The New York Yankees remain a top team in MLB, despite their sub-.500 record in the second half, injuries, struggling stars, and a bit of a crisis in August. The team is starting to turn things around and had nailed down, before Friday’s game, four victories in a row.
Analysts, fans, and the team itself, however, have to be aware of how the team is currently constructed. The lineup might struggle to score runs on occasion, but remains a top unit overall when (mostly) everybody is healthy. The pitching staff, however, may not be the elite group it once was, or looked.
The Yankees, obviously, are not as good as their once 64-28 record indicates, but certainly not as bad as their 13-20 second half. Part of the reason behind the recent struggles (before the ongoing winning streak this week) can be explained by the team’s pitching issues,
In the second half, the Yankees rank 20th in ERA at 4.03. The Yanks also rank 20th in MLB in pitching fWAR after the break, with 2.7.
Again, the Yanks’ staff is obviously not bad. It’s a top-ten unit in baseball, evidenced by their full-season ranking in fWAR (sixth, with 15.2). But given the unit’s current construction, there has to be concern that it does not match up with other World Series contenders around the league, such as the Houston Astros, the Los Angeles Dodgers, the San Diego Padres, the Atlanta Braves, and the New York Mets.
This is a bit worrisome, because pitching becomes increasingly important in the stretch run and the playoffs, and right now, the Yanks’ staff doesn’t inspire as much confidence as the other contenders.
There are reasons to be worried about the Yankees’ pitching at the moment, looking ahead to the playoffs. For starters, the staff loses a lot without Michael King’s versatility and dominance, and there is currently a lot of uncertainty surrounding Clay Holmes and his ability to bounce back. Having Clarke Schmidt or Domingo Germán starting games in October would obviously not be ideal, and preventing that may depend on the recovery of Nestor Cortes.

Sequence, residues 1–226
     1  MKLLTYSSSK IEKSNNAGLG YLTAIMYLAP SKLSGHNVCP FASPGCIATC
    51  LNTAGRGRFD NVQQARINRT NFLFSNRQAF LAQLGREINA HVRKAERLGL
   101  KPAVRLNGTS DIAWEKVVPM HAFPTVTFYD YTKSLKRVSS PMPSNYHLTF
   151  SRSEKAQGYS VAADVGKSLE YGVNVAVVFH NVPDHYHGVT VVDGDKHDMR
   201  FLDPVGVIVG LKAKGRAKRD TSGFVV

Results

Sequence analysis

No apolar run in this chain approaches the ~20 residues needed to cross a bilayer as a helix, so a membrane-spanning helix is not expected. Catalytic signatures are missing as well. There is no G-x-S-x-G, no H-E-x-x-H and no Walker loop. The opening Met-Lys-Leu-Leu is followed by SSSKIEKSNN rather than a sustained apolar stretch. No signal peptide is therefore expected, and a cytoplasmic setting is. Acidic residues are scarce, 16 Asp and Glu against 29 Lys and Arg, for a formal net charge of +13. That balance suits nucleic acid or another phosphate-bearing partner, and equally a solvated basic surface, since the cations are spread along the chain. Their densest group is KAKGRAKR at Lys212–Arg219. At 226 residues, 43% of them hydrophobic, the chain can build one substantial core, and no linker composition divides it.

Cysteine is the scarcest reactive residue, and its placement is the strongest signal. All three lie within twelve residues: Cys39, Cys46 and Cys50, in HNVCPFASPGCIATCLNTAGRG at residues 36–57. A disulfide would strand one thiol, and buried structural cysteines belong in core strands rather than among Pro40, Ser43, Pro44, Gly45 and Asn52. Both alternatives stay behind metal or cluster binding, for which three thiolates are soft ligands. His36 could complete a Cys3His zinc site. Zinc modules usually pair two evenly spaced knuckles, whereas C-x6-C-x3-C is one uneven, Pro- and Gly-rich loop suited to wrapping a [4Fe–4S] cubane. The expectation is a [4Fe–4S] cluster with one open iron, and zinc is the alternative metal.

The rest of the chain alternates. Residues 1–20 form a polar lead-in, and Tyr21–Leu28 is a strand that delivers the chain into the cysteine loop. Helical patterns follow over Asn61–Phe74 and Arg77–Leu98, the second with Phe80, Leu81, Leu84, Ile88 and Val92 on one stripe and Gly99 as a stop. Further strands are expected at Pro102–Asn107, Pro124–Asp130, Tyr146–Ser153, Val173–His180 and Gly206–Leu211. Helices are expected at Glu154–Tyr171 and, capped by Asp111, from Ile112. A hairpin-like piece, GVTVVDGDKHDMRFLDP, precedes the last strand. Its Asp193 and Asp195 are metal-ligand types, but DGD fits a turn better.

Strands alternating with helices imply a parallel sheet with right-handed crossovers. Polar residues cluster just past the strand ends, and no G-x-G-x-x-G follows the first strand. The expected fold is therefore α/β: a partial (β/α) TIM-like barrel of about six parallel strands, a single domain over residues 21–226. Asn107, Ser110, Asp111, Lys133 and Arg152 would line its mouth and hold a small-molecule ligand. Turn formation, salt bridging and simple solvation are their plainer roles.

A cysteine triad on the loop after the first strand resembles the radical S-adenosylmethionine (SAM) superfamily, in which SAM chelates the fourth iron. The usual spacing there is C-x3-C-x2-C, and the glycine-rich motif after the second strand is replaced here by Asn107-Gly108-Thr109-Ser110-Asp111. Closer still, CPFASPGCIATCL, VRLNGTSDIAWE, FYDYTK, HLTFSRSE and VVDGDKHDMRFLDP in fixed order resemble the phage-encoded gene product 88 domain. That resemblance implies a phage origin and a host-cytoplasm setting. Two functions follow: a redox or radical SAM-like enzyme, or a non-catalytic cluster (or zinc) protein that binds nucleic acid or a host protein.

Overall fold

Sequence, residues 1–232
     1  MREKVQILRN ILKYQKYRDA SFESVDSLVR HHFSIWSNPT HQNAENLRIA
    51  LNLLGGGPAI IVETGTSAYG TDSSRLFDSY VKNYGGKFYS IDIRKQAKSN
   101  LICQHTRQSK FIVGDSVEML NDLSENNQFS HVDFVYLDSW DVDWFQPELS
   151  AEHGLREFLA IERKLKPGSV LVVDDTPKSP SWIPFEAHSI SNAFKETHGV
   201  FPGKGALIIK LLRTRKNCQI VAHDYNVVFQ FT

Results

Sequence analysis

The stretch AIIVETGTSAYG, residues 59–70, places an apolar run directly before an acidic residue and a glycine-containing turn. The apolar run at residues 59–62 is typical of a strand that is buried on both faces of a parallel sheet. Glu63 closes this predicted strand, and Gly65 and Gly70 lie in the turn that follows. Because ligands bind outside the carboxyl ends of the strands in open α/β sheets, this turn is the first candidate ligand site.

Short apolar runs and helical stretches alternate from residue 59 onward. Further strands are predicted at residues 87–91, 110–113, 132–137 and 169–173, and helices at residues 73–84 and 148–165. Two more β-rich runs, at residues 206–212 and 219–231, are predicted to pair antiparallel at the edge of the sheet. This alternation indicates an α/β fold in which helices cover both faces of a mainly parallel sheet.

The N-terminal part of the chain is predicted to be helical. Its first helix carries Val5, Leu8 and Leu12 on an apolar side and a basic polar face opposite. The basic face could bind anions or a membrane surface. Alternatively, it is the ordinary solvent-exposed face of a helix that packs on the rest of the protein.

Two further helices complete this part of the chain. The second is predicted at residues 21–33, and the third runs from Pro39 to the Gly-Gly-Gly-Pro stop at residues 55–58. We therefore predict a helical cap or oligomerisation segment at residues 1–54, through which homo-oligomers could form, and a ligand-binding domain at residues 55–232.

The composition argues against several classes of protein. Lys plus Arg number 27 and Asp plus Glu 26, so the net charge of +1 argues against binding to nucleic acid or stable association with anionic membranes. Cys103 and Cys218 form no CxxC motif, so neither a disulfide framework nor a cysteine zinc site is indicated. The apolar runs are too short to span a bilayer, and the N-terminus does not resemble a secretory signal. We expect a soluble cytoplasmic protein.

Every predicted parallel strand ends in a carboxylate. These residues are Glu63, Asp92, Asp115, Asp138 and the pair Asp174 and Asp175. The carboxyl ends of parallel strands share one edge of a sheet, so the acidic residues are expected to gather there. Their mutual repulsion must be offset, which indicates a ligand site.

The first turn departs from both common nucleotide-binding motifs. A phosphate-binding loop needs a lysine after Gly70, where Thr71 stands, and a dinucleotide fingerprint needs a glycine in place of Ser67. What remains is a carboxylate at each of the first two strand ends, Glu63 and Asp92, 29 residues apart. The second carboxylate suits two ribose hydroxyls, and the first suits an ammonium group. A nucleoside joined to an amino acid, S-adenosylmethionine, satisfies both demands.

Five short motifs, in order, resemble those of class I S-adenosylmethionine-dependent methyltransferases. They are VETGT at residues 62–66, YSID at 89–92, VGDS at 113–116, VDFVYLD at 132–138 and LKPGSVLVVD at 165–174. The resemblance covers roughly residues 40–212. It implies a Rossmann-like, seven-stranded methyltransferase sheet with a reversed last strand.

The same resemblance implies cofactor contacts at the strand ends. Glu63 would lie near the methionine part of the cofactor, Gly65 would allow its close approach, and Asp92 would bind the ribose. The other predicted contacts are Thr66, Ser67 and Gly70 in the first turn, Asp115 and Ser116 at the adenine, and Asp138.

Gerrit Cole, the unquestioned ace, should be a safe number one option even if he isn’t having his sharpest season. But after him, there are question marks surrounding Frankie Montas (performance), Luis Severino and Cortes (injury). And while Jameson Taillon is a perfectly solid pitcher, almost every other top contender in baseball would have a stronger arm to throw out in a potential Game Three or Four of a playoff series.
Take the Los Angeles Dodgers: even without Clayton Kershaw for much of the year and Walker Buehler out until 2024, their pitching is looking as good as ever because they developed Tyler Anderson (2.73 ERA), Andrew Heaney (1.94 ERA) and Tony Gonsolin (2.10 ERA) into aces, and have Julio Urias and Dustin May, too. Oh, and their bullpen is also amazing, and it’s about to get back Blake Treinen, Victor Gonzalez, and Tommy Kahnle.
The Mets’ rotation is comically good, with Jacob deGrom and Max Scherzer leading the way, the excellent Chris Bassitt as a solid third option, and other good options such as Taijuan Walker and the injured Carlos Carrasco (set to return next week) and Tylor Megill.
The Astros have Justin Verlander and Framber Valdez in Cy Young form, and they actually have a surplus of starters now that Lance McCullers Jr. is back. They have to decide who to send to the bullpen between Luis García and Cristian Javier.
You can argue that the Braves have four aces in Max Fried, Spencer Strider, Kyle Wright and Charlie Morton; and the Phillies improved their bullpen with David Robertson and Corey Knebel and have a rock-solid one-two punch in the rotation with Aaron Nola and Zack Wheeler.
It’s not that the Yankees pitching staff is bad, because that’s far from the truth. Even with the injury crisis, the unit has remained competent. But it’s fair to question if their pitching can measure up with other elite teams. The rotation spent the first half dicing up opposing lineups, yet doesn’t instill fear in many right now. There’s certainly a scenario when they end up in October feeling outgunned by their opponents front-end arms.